As part of this year’s National Young Writers’ Festival, the Spineless Wonders’ Slinkies team has been running the Phone It In competition, asking writers under 35 years of age to contribute a short audio story. They had a great response to this call-out and now with the festival only a week away, it is time to announce the six finalists. They are (in alphabetical order):
Brianna Bullen, ‘Night of the Killer Kittens’
Lauren Gubric, ‘Egg Scrambled and Beat’
Anna Jacobson, ‘Potato Stamp’
Cat McLean, ‘Monophonic Bliss’
Ben Schofield, ‘Lonely Phone’
Ben Volchok , ‘Oh, No! said Jarvis Cocker’
Now for the fun part! The Slinkies team want you to select the winning entry. Those of you going to the National Young Writers’ Festival (Sept 28 to Oct 1) will be able to listen to the six audio stories on the Spineless Wonders’ StoryPhones which will be installed, along with ballot papers, at four locations around the city of Newcastle. But if you can’t make it to the festival we also have the six entries on Soundcloud with a link to the voting form on Facebook. The winner and runners-up will be announced at the Wind Down session in Civic Park on Sunday at 6pm. Prizes include a selection of Slinkies and paperbacks and we will be giving away a Spineless Wonders’ gift pack to a lucky voter. So cast your vote online or at the Festival to be in the draw.
MEET THE FINALISTS
Slinkies team-member, Emma Howe, has been getting to know the six finalists and has produced a series of interviews so you can get to know them too. Today we are thrilled to introduce Anna Jacobson.
What was your inspiration for ‘Potato Stamp’?
While I did not host a banquet for imaginary guests, as the woman does in ‘Potato Stamp’, my audio poem is nevertheless informed by my time of profound unwellness. I was assigned a case manager on discharge from the psychiatric ward. Coming out of hospital in 2011 at age 23 with what I call my ‘Part 2 self’, I really needed a case manager with understanding. Instead, this cold, distant woman arrived on my doorstep. At the end of my poem, the carved potato stamping the case manager’s hand with the letters N.O. in beetroot dip, is my way of saying ‘Look here case manager, I don’t need your disdainful ‘help’. Let me be.’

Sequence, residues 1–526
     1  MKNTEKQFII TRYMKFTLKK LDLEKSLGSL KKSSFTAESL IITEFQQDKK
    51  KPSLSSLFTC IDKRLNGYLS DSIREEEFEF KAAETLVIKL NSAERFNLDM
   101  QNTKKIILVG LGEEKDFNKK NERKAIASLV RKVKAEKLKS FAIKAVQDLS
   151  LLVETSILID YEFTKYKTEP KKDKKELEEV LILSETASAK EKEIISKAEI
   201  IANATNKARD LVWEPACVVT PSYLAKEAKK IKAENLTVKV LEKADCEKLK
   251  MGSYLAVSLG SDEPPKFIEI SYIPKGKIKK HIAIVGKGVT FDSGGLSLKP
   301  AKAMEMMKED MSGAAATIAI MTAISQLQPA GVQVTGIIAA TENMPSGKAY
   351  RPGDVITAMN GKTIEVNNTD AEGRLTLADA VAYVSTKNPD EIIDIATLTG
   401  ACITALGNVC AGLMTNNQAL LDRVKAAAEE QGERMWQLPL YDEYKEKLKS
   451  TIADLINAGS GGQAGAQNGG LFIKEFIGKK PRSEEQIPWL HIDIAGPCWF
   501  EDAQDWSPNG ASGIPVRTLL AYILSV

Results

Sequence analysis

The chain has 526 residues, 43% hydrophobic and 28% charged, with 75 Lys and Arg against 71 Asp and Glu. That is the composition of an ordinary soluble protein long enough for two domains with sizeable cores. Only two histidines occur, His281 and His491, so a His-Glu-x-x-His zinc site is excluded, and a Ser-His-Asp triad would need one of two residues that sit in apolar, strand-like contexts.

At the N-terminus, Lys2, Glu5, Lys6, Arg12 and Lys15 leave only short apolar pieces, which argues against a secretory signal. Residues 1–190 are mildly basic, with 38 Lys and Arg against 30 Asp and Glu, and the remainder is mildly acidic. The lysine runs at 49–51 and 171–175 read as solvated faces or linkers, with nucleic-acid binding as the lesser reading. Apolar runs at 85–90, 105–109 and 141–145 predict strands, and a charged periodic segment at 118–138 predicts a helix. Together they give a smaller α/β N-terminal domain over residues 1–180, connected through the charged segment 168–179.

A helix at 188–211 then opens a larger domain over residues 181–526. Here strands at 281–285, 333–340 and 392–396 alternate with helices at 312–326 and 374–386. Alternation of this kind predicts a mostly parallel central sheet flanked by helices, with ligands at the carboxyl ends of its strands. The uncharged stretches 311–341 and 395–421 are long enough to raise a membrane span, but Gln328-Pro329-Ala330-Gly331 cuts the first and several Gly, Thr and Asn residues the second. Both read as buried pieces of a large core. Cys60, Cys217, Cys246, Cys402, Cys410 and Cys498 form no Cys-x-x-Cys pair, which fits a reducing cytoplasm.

Who are some of your favourite writers and why?
My favourite writers are my wonderful friends (both published and unpublished). I am so lucky to be surrounded by a fabulous community of writers and poets in Brisbane, who are so kind, supportive and talented.
The books that I now have on my shelf or stacked beside my bed are by my incredible friends and mentors: David Stavanger (The Special), Pascalle Burton (A Vast Laugh), Felicity Plunkett (Vanishing Point), Nathan Shepherdson (Apples with Human Skin), Sam Wagan Watson (Love Poems and Death Threats), Ellen Van Neerven (Comfort Food), Michael Farrell (Break Me Ouch), Andy Jackson (The Thin Bridge), Carmen Leigh Keates (Meteorites), Rebecca Jessen (Gap), Zenobia Frost (Salt and Bone), Shastra Deo (The Agonist), Michele Seminara (Engraft), Paula Keogh (The Green Bell), Sarah Holland-Batt (Aria), Sarah Kanake (Sing Fox to Me), Kari Gislason (The Promise of Iceland) and MTC Cronin (<More or Less Than> 1-100).
What do you like about the microlit form?
When I was first recovering from my experience with mental illness, poetry came pouring out as my form of expression. I like how microlit and poetry is a condensed form that often isn’t linear but can be fragmented and non-episodic. Poetry and microlit are both powerful vehicles for imagery, symbolism and metaphor.
Did you write ‘Potato Stamp’ specifically as an audio piece or was it originally written for print?
I initially wrote ‘Potato Stamp’ for print, but then chose to develop it as an audio piece, as I realised the second voice of the Case Manager/Imaginary Voice would work well in this format. I achieved this effect by creating a two-track piece.
When it comes to really short fiction, do you generally start wide and then cut it down or was ‘Potato Stamp’ always conceived as a small piece?
‘Potato Stamp’ originally came to life as a longer poem, which I then edited and condensed.
What is the name and personality of the first character you ever created?
This had me digging around for my grade four notebook (subject: stories) that I’ve kept all these years— it’s now two decades old! I was ten and had written a short story about two giants: Harry and Thunder. I even make a cameo appearance as Anna (a kind old giant), who gives Harry some money to buy roast beef for his sandwich, as Thunder won’t give him any roast beef (and all Harry has to eat is a honey sandwich). Clearly, food was a strong influence in my writing, and still is!